My company Environmental Management Centre LLP was contracted by UNEP to build the chapter on Waste. I was the Principal Author. We had benefit of five contributing authors representing various regions of the world and with extensive and varied experience in the waste sector. There were peer reviewers appointed as well and a global consultation was performed on the drafts we produced. I remember my colleague Swati Arunprasad had a harrowing time to compile and respond to some 400+ comments/inputs that we received! The Chapter was built over 8 months of painstaking work. I enjoyed interacting with the MI Team when it came to building scenarios or make predictions.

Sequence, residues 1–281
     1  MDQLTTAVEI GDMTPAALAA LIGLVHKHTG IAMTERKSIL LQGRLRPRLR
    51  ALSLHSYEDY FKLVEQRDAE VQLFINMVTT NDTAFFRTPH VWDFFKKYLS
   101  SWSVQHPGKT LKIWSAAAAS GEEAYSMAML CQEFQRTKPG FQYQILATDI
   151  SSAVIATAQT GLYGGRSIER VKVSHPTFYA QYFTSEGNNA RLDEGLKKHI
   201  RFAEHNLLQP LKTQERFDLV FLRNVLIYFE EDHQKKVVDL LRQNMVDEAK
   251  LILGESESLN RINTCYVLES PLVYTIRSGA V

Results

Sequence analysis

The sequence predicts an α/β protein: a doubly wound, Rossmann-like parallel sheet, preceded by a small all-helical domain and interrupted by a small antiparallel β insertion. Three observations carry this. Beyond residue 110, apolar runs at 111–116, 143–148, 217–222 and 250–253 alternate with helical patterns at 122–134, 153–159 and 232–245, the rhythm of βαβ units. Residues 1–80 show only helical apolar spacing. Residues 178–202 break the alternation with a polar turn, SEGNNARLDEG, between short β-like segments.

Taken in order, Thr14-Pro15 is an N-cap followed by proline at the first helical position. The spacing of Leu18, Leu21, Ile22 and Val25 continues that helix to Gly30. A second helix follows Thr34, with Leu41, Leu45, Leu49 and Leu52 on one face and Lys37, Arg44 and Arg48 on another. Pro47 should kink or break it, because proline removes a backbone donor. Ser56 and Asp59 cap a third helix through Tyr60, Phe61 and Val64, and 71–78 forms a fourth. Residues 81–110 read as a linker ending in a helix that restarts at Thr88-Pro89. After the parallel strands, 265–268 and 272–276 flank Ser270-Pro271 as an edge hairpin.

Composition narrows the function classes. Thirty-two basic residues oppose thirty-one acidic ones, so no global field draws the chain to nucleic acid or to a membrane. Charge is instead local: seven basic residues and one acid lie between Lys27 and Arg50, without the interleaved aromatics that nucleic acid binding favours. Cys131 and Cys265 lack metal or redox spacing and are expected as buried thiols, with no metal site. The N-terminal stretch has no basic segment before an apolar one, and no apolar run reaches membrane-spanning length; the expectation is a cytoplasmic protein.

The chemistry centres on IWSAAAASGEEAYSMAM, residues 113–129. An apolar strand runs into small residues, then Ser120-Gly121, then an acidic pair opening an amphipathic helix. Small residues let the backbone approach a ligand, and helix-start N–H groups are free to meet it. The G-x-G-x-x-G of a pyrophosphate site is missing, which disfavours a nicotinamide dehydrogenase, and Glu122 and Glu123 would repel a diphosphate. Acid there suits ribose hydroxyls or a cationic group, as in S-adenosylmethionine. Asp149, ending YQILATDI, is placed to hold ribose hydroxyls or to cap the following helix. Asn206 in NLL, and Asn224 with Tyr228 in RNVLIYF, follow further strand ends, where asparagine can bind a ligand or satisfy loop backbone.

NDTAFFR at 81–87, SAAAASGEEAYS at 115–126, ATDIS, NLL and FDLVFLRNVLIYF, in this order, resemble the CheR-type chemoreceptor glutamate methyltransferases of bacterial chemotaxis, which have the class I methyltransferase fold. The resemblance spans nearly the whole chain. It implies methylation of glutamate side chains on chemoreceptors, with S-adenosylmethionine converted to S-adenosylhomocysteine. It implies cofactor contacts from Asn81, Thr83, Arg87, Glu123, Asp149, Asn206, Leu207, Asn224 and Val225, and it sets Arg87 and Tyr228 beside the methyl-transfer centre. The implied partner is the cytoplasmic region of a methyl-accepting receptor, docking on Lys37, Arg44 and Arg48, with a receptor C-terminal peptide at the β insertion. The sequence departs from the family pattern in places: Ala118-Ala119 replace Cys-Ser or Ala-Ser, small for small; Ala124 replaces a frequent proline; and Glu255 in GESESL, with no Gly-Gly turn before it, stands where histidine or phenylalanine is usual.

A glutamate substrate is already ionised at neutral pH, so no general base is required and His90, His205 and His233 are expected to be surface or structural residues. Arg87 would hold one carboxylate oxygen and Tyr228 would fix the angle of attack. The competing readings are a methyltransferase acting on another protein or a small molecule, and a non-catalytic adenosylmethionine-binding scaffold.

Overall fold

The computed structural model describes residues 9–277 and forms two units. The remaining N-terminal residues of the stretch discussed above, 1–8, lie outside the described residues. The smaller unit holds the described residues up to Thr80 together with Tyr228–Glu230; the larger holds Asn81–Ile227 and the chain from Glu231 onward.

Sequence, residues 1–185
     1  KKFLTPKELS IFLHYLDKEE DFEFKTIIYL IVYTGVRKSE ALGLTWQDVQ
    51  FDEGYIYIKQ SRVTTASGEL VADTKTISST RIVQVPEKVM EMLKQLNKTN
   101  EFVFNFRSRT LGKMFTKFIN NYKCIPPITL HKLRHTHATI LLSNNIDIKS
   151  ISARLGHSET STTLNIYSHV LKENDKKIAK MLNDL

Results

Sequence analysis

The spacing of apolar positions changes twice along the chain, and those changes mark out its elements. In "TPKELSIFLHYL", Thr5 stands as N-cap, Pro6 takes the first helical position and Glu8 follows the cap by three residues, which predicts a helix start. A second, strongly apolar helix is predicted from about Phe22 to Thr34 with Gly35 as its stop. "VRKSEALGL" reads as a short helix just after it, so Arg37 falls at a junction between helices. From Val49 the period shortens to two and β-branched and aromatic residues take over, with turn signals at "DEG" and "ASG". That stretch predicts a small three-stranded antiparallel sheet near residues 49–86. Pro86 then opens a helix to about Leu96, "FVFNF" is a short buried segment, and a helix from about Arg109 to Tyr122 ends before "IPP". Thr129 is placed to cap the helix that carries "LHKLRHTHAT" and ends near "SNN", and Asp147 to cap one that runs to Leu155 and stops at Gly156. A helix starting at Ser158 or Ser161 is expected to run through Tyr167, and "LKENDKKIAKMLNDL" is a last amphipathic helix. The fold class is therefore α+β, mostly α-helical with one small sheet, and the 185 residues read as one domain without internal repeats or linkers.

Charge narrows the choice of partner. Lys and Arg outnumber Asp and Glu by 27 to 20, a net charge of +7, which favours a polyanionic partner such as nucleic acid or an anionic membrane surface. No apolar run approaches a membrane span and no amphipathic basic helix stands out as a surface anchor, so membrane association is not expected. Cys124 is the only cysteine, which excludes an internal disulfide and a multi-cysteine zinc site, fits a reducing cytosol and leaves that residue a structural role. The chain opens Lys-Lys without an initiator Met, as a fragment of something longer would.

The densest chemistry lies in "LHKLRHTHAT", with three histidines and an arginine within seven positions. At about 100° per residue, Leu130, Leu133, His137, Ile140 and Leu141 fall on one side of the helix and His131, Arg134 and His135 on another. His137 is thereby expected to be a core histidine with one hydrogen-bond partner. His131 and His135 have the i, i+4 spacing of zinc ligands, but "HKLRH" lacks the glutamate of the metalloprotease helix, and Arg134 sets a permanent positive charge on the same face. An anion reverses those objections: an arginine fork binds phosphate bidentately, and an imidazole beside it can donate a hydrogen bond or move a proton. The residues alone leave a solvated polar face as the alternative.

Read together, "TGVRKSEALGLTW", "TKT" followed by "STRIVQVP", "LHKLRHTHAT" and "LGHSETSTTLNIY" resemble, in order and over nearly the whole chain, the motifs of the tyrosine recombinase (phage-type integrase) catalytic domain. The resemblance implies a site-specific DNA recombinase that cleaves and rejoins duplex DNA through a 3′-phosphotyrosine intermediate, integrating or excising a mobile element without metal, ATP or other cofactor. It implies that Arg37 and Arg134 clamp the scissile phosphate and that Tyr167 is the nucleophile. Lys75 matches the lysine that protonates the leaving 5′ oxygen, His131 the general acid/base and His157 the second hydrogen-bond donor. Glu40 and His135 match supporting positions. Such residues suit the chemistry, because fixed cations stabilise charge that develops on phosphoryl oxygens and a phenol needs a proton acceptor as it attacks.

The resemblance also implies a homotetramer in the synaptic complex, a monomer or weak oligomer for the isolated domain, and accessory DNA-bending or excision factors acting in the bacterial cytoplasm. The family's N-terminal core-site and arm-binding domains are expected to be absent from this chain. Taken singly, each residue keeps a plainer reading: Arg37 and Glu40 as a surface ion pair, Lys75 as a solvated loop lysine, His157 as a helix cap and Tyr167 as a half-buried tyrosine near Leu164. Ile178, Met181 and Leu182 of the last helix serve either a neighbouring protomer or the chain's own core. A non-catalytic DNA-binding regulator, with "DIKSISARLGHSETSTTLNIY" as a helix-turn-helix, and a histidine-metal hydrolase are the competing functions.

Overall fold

The tone of the Chapter was more on the economics of waste management. The global waste market, from collection to recycling, was estimated at US$ 410 billion a year, not including the sizable informal segment in developing countries. Recycling sector was considered as the main job-provider and attracting investments. The chapter recommended that we establish a global circular economy in which material use and waste generation is minimized, and any unavoidable waste is recycled or remanufactured.  Only remaining waste should be treated in a manner least harmful to the environment and human health, and in a way, that generates new value such as energy recovered from waste. The circularity concept was thus positioned. However, we did not emphasize enough on the aspects of reduce, refurbish, re-manufacture. Probably we had less data, only scant case studies and less experience to make a strong economic, environmental and social case. Unfortunately, this weakness continues even today.